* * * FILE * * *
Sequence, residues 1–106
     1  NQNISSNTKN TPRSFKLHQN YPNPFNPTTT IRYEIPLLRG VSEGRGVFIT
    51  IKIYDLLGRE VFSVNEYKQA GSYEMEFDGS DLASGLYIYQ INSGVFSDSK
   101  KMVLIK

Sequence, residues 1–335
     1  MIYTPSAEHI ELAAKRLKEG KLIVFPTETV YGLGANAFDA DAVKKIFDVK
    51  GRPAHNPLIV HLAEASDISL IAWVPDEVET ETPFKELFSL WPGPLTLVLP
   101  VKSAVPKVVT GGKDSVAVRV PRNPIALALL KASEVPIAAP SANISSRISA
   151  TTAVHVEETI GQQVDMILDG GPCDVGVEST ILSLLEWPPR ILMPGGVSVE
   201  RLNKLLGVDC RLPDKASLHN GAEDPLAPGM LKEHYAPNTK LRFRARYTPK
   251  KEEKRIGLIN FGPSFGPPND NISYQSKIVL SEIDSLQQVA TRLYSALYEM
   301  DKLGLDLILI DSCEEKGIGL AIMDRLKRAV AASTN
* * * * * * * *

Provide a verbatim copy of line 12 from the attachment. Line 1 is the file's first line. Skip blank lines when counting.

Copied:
   301  DKLGLDLILI DSCEEKGIGL AIMDRLKRAV AASTN